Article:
This question is currently not so easy to answer, because the case law is currently wildly mixed. Even in pre-DSGVO times, it was controversial and the judgments diverged. Well, after the GDPR, the situation is no better.
Thus, the LG Würzburg had recently decided, even still in a case lawyer against lawyer, that a warning is possible.
“The 7-line privacy statement contained in the respondent’s imprint does not comply with the new GDPR.
There is a lack of information on the responsible person(s), on the collection and storage of personal data as well as the type and purpose of their use, a statement on the transfer of data, on cookies, analysis tools, but above all the instruction on the rights of the data subject, in particular the right to object, data security and a reference to the possibility of complaining to a supervisory authority.”
The court therefore stated:
“With the Higher Regional Court of Hamburg (3 U 26/12) and the Higher Regional Court of Cologne (8 U 121/15), the recognizing court assumes that the regulations that were violated here are violations of competition law pursuant to § 4 No. 11 UWG and § 3a UWG, respectively, and thus could be warned off by the applicant.”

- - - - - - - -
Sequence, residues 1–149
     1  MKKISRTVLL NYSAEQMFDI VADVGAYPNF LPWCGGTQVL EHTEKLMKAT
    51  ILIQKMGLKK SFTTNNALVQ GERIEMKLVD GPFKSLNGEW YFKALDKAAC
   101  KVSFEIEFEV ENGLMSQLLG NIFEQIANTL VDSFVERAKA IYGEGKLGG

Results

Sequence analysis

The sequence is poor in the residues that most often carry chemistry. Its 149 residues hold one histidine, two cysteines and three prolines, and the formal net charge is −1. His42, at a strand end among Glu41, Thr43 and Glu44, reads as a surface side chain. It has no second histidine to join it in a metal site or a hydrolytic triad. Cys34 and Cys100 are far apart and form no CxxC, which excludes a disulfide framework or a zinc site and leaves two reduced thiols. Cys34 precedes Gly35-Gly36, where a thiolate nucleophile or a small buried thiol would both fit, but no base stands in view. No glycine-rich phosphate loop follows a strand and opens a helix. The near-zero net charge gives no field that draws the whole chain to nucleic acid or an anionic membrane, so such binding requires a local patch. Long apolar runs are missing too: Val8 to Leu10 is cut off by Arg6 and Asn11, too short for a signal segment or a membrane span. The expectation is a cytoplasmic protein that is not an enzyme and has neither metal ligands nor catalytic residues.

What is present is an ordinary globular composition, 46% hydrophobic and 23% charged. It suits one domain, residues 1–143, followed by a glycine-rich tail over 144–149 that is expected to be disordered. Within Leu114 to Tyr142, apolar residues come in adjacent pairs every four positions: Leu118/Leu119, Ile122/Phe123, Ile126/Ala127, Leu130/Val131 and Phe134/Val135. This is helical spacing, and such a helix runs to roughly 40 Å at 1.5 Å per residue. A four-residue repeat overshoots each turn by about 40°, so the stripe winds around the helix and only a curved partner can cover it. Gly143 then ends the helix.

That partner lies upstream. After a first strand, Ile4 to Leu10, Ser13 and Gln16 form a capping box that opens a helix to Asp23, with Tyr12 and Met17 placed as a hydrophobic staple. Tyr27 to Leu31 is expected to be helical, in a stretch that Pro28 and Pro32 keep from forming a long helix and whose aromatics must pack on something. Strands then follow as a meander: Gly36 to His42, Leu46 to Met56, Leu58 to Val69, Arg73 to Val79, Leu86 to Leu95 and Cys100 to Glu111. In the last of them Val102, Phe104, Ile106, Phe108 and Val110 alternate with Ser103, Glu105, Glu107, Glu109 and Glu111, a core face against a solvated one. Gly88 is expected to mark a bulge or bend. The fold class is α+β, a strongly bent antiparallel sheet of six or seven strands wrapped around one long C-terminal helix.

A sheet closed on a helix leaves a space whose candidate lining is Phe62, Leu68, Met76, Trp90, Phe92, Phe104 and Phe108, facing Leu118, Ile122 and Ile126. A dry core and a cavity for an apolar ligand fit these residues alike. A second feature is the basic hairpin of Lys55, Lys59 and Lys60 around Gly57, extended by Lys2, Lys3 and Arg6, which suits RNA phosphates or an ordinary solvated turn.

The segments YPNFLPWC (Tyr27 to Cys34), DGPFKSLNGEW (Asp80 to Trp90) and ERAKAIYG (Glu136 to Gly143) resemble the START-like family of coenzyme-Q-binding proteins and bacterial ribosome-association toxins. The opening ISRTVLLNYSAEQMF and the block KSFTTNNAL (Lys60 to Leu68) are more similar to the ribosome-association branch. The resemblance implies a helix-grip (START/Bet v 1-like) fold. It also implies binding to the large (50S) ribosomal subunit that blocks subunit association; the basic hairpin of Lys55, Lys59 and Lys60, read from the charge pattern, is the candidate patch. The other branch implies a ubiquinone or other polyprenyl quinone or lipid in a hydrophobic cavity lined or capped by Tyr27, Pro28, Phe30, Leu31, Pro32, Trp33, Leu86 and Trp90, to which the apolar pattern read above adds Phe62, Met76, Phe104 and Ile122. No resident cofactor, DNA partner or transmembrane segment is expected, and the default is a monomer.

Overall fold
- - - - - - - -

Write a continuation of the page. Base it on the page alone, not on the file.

The Regional Court of Bochum, on the other hand, did not give a competitor the right to issue a warning and ruled
“The application was unsuccessful, however, insofar as a violation of Article 13 of the General Data Protection Regulation is asserted. The plaintiff is not entitled to such a claim because Articles 77 to 84 of the General Data Protection Regulation contain a conclusive provision excluding the claims of competitors. The Board is not unaware that this question is disputed in the literature and that opinions are still being formed. The Board in its current composition agrees with the view expressed in particular by Köhler (ZD 2018, 337 as well as in Köhler/Bornkamm/Feddersen, UWG, 36th ed. 2018, Sec. 3 a paras. 1.40 a and 1.74 b, in the result also Barth WRP 2018, 790; different view Wolff, ZD 2018, 248). This is supported in particular by the fact that the General Data Protection Regulation contains a detailed regulation of the group of persons entitled to claim. According to this, not every association is entitled to exercise the rights of a data subject, but only certain non-profit institutions, organizations and associations under further conditions. From this it can be concluded that the Union legislator did not intend to allow an extension to competitors of the infringer (Köhler, ZD 2018, 337, 338). For further details of the argumentation, reference can be made to the cited literature.”
Among lawyers, the question is currently very controversial. In its decision, the Würzburg Regional Court declared two older decisions of the Hamburg and Cologne Higher Regional Courts to be still applicable. The Bochum Regional Court, on the other hand, bases its opposing view on the leading commentary on competition law.